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By Nash Dunn
O-N-E Staff Writer
The 1924 Courthouse in Newton may be one of Catawba Countyâ€™s greatest antiques.
Walking into the stone courtroom on the second floor of the nearly 90-year-old building, I was slapped in the face by history that someone like me is too young to understand. Dusty and faded portraits of past judges lined every wall of the square-shaped chamber, casting a ghastly and ever-lasting eye over any occupant who entered into their former governing quarters. There were wooden chairs everywhere. Not haphazardly placed or strewn about, but perfectly rowed and secured by curvy steel once melted and bent by a skilled tradesman or blacksmith nearly a century ago.
With all this history surrounding me, itâ€™s easy to understand how the Newton-Conover City Schools Boardâ€™s Dell laptops and tangled power cords at the front of the courtroom stood out like a sore thumb.
I had not been to a school board meeting yet, but I figured it would follow the same routine as the other government meetings that frequent the area â€” a prayer, the Pledge of Allegiance, and then nonchalant discussion about issues that have a profound impact on peopleâ€™s lives.
For the most part, my guess was correct.
There was a prayer, a recitation of the Pledge and a brief â€śsummaryâ€ť of the 12 NCCS teacher assistants that will either be fired or laid off next year. The only other member of the crowd, NCCS personnel director Sylvia White, also piped up during the â€śshort updateâ€ť to note that two Career Technical Education full-time teachers would also be losing their jobs.
Other than some other two- to three-sentence clarification statements from NCCS Superintendent Dr. Barry Redmond about his personal evaluation, the short and minor agenda items were out of the way.
Now, with the updates and clarifications behind them, the board could move on to the heavy-hitting and cumbersome discussion topic â€” dress codes for elementary school students.
Clearly an issue that is vitally important to a studentâ€™s ability to learn, process and comprehend information, the dress code discussion was not just another burdensome agenda item. The board took their time to debate the pros and cons of having 5- and 8-year-olds wear nearly the same thing to school every day and spent almost an hour discussing the possible change.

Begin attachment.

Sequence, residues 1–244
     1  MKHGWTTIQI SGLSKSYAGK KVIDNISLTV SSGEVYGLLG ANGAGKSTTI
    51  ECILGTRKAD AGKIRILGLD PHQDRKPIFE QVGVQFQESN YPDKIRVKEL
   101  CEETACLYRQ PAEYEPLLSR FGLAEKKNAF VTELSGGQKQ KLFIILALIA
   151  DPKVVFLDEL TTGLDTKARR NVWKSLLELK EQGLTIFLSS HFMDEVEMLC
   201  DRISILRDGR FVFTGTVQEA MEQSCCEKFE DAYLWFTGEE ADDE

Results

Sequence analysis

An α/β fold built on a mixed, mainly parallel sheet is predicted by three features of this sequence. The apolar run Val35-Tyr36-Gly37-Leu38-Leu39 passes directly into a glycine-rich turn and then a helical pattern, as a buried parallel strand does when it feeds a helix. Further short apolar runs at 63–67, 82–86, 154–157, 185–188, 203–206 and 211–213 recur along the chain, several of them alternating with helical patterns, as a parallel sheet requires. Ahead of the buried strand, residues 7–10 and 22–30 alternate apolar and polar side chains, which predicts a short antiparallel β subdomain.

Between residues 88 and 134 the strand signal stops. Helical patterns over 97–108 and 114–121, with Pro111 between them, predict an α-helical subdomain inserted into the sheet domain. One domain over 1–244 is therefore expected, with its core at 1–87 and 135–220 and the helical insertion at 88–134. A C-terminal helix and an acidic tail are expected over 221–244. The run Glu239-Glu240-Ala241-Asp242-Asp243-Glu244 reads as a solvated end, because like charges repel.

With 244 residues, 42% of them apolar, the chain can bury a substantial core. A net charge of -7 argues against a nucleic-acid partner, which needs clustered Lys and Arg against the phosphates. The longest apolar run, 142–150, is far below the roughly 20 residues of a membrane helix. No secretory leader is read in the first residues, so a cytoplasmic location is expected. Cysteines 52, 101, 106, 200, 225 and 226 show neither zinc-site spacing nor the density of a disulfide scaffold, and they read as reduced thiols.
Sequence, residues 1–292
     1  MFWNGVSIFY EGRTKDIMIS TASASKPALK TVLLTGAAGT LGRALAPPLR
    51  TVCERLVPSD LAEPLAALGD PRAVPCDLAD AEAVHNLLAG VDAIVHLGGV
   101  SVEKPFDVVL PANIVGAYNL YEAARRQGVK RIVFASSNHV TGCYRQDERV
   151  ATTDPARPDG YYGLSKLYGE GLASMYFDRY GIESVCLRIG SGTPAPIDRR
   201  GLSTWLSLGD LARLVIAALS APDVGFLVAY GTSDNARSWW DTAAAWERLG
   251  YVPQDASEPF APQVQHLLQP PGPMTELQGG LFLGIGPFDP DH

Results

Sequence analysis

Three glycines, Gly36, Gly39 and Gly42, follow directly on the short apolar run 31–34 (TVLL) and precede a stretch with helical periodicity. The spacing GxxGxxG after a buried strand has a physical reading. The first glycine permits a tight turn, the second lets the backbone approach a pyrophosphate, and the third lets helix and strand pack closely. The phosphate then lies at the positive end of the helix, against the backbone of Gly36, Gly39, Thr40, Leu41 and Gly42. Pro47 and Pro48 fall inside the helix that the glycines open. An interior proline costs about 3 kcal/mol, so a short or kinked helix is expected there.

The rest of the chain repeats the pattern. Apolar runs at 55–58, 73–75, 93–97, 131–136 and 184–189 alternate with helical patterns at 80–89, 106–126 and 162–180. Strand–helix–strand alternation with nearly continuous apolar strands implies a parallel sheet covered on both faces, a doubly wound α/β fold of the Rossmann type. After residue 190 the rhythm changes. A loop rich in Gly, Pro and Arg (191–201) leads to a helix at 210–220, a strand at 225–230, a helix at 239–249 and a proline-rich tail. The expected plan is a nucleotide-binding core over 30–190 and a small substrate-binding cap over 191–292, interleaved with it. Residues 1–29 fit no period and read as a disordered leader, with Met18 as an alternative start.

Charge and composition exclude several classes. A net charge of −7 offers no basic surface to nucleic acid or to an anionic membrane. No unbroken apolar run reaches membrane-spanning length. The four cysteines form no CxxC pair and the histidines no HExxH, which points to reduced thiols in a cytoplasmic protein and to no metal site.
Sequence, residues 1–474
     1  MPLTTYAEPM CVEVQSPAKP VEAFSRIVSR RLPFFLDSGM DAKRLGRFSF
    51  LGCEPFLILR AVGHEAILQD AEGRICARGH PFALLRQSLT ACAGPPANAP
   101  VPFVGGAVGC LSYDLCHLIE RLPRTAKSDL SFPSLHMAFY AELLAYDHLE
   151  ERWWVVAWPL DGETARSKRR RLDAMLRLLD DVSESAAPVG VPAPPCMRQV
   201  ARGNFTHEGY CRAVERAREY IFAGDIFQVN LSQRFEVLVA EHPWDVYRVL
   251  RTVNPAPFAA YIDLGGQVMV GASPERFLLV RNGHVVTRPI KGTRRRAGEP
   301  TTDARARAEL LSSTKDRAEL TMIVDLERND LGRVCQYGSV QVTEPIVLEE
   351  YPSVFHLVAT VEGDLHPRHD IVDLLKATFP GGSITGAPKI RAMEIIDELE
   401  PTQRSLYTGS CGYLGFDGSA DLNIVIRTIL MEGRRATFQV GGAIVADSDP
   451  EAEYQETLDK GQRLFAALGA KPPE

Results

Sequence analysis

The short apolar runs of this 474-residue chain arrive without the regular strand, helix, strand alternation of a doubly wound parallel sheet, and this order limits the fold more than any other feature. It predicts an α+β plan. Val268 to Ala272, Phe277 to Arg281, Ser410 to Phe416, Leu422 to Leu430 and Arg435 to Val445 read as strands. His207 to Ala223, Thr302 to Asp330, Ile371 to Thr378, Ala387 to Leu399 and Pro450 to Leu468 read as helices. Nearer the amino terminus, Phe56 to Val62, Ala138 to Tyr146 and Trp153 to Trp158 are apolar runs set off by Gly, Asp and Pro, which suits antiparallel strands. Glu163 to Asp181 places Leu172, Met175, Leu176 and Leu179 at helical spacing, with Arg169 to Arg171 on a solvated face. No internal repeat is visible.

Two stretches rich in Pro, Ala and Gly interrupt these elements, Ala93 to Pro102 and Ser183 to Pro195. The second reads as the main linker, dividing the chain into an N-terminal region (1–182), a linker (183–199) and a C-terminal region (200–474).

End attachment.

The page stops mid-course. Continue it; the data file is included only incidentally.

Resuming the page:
The discussion was not casual either. The board members became pretty heated.
I believe it was board member Jim Stockner that slammed his fist on the table when he said, â€śItâ€™s cheaper for parents to do this than go buy all the designer clothes kids want.â€ť
Stocknerâ€™s comment made me chuckle out loud. The image of a kindergartner begging mommy for new Prada heels or a Ralph Lauren polo shirt is simply amusing.
Despite concerning comments from board members Betty Coulter and Scott Loudermelt about the dress code, the board unanimously approved the uniforms to go into effect next school year.
Wow, what a success. I mean, this is clearly an improvement.
Now, next yearâ€™s NCCS elementary school students can wake up every day and put on their favorite white or black polo shirt with their nicest pair of khaki slacks. Students can walk the halls in grayscale and assimilated style, a type of creativity that will surely filter down to art class. Thatâ€™s assuming, of course, that there will be enough teachers around to have art class.
Sure, their attire will change, but parents can rest assure that the schooling will not. Now, when students are forced to memorize multiplication tables and foreign languages only to spit it back out later on an End of Grade test, they will be doing it looking like all their other classmates.
So later, when they have a real job, they can continue to dress like the rest of society and forget all the information they were forced to take in, spit back out, and soon forget to the hustle and bustle of the American education phenomenon. Â Â Â
Nash Dunn is a reporter and columnist for The Observer News Enterprise. His column appears in the Wednesday edition of The O-N-E. Reach Dunn at firstname.lastname@example.org.